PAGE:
My Holy Book; Isla’s Religious Experience

Wednesday, 19 January 2011

Due to our aforementioned shelf cleaning, we came across our 2000 edition of the Guinness Book.

I’m sure you’ve heard of the Guinness Book – a book so famous, it has earned it’s own spot within the book – but let me give you my brief history with the book.

In the fall of 1987, I was once again given a book order form from school. I always enjoyed browsing through the books for sale and, on this particular occasion, I opted to purchase the Guinness Book.

When it arrived a couple of weeks later, I couldn’t put it down. I carried it with me to friends’ homes, and I brought it to school to read whenever I had the opportunity. After a month or so, my teacher couldn’t believe that the book on my desk was the same one he had just handed me weeks earlier – it was already so worn and tattered.

I absolutely loved reading about all the records. Though it was 800+ pages, I read it several times, each time astounded at the extreme nature of the records. I mean, I knew the extremes between the largest and smallest nations, and between the largest and smallest planets, but I had no idea that someone was ever that tall, or that someone had held their breath that long, or eaten that many bananas in a minute.

Of course, while Jupiter may be secure in its place as the largest planet in our solar system, other records change quickly. In fact, the final 12 pages of the book contained new and updated records that the editors had to insert last-minute before publishing.

So, of course, I bought 1988’s edition. And 1989’s. My mom bought me a full-color splashy edition in 1991, and I even bought a copy for my girlfriend in 1995 (it worked, too – she married me).

Then, in the summer 0f 2004, while walking around our neighborhood, Jennifer and I stopped at a garage sale. There, she noticed the 2000 “millennium edition” of the Guinness Book. It was only a buck, so I bought it.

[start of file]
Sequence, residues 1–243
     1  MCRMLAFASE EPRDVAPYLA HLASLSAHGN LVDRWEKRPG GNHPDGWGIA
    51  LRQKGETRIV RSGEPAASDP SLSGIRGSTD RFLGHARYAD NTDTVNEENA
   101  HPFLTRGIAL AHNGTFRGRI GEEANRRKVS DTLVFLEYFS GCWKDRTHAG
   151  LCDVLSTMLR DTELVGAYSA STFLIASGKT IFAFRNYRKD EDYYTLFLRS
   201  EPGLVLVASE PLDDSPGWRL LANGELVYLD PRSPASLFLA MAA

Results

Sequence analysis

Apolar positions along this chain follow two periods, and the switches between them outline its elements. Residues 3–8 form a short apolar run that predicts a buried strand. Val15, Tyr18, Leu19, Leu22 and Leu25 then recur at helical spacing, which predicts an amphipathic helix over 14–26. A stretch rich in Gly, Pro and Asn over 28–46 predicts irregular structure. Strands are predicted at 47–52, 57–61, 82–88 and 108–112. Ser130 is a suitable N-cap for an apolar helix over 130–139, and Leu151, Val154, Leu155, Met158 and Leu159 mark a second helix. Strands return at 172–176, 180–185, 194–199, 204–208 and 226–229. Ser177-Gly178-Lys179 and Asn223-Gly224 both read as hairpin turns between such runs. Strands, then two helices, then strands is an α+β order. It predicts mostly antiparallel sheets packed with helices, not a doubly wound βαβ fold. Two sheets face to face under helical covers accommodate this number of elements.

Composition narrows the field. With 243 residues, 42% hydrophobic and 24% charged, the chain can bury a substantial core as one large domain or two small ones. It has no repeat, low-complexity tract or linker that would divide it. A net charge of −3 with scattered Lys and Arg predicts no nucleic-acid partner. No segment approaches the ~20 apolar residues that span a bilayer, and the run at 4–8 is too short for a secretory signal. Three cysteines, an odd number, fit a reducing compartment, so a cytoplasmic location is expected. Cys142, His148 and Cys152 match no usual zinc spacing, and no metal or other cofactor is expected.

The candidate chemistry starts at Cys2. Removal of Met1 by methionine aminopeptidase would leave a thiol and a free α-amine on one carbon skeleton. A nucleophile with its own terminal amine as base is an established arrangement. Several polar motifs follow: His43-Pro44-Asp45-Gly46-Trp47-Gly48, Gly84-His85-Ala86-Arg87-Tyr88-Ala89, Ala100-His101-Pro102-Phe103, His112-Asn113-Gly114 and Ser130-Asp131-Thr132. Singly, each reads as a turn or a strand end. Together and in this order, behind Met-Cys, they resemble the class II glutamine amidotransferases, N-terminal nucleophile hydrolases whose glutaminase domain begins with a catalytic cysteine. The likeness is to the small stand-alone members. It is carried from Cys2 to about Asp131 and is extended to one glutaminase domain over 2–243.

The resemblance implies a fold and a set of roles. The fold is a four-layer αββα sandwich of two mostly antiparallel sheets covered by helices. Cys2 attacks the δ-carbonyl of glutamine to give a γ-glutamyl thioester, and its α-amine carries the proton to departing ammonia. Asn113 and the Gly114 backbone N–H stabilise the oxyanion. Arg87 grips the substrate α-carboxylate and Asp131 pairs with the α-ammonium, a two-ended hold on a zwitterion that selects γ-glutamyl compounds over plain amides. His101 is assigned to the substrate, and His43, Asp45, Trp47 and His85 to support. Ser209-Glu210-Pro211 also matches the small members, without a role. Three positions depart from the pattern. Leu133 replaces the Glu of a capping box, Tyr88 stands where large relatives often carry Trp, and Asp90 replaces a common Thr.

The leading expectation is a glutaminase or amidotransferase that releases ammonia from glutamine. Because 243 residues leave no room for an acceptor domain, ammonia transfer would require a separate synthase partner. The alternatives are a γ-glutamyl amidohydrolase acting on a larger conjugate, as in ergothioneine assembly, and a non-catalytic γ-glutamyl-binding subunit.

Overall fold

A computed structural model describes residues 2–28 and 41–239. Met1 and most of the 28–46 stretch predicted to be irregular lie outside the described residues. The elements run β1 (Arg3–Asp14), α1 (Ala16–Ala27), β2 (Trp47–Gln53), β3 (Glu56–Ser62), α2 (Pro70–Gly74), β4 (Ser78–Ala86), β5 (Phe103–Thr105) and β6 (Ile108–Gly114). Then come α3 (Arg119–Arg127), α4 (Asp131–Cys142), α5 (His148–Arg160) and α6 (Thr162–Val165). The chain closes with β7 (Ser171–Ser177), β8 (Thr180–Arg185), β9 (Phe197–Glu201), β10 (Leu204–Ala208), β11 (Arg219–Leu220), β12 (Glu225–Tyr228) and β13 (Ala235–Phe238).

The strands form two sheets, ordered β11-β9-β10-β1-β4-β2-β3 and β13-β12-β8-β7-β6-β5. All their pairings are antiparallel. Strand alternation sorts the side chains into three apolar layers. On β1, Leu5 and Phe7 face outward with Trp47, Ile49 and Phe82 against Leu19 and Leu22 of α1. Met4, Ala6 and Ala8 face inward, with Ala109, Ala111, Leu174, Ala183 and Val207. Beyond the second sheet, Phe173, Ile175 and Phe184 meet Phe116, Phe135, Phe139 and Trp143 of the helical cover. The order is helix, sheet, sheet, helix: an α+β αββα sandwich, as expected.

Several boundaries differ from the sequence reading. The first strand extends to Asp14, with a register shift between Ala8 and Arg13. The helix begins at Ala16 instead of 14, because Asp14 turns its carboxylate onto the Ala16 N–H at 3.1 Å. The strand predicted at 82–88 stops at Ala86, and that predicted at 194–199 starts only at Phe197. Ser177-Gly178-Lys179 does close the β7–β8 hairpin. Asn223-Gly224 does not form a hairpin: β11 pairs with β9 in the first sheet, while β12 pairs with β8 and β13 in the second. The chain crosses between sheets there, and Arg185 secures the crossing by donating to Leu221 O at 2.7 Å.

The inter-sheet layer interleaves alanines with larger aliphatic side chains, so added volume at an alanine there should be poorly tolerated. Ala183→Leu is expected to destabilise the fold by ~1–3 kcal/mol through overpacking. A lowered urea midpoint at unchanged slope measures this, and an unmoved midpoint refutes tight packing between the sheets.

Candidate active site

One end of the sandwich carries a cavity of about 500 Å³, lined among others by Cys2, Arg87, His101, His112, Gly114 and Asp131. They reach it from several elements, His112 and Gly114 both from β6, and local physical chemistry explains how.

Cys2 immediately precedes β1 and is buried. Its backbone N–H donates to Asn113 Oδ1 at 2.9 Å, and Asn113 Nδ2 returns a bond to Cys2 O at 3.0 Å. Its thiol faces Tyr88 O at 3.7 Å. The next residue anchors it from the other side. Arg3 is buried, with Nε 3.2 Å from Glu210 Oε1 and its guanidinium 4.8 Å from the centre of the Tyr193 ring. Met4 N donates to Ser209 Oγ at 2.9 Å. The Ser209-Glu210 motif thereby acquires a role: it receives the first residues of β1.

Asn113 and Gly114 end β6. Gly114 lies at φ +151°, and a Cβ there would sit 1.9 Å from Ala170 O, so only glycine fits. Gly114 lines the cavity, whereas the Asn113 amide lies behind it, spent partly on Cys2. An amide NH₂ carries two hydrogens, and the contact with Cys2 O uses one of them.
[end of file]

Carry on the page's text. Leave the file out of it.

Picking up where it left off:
But it was different than the others. There seemed to be less information in my favorite sections (science, human extremes, government), and lots of superfluous ‘records’ in other areas, such as in sports and music. Some pages were taken up almost entirely by large photos of sexy famous people, and – I swear – some of the records seemed tailor made just to fit in certain facts.

For example, one ‘record’ was “Highest paid action star to become governor.” Um…is there even any competition there besides Schwarzeneggar (I suppose Venture)? Let’s face it, that ‘record’ was just an excuse to show the Governator. Another record was something like “Highest sales for a single written and performed by a female under 20 years old,” an obvious ploy to find a way to shoehorn in a photo of Britney Spears. I could go on.


A quick look at Wikipedia shows that Norris McWhirter was ousted from the book he started and grew into an empire, and the copyright has changed hands from the esteemed beer brewery to stupid entertainment conglomerates.

Wikipedia says:

The group was owned by Guinness Brewery and subsequently Diageo until 2001, when it was purchased by Gullane Entertainment. Gullane was itself purchased by HiT Entertainment in 2002. In 2006, Apax Partners purchased HiT and subsequently sold Guinness World Records in early 2008 to the Jim Pattison Group, which is also the parent company of Ripley Entertainment, which is licensed to operate Guinness World Records’ Attractions. With offices in New York City and Tokyo, Guinness World Records global headquarters remain in London, while its museum attractions are based at Ripley headquarters in Orlando, Florida.

(There are no references here, so take this info lightly, though it does jive with what I’ve observed.)

Essentially, then, The Guinness Book is dead. Newer versions are just glorified celebrity magazines, and older versions are out of date – easily a third of the records from my 1987 edition are no longer current.

RIP Guinness – and thanks for the memories…

Thursday, 20 January 2011

Here’s is a video of Isla having a religious experience: CLICK THIS!

We’re not sure what it is about Owen’s mobile, but she gets excited as soon as she sees it. It’s true, if she’s drowsily resting on my shoulder, and I walk into Owen’s room, she perks right up and practically starts hyperventilating as she looks at the mobile.

Also – take a look at the videos YouTube suggests you might like (the column on the right). What a riot.

And here’s another video we uploaded today: NOW CLICK THIS!

Isla has figured out how to play peek-a-boo without any help from anyone else. This is quite funny, as she will be quietly playing on the floor and suddenly decide to roll over and grab a nearby blanket/bib/burp rag and haphazardly drape it over her face. She then starts waving her arms frantically as she slips into a slight panic attack. The first time she did this, we ran to her aid immediately and pulled the cloth off her face. But she just began smiling – almost to the point of laughing – and repeated the process. It appears she has figured out that the adrenaline rush of panic (from having her face covered) is worth the pay-off of playing peek-a-boo.

She’s gonna love roller coasters.

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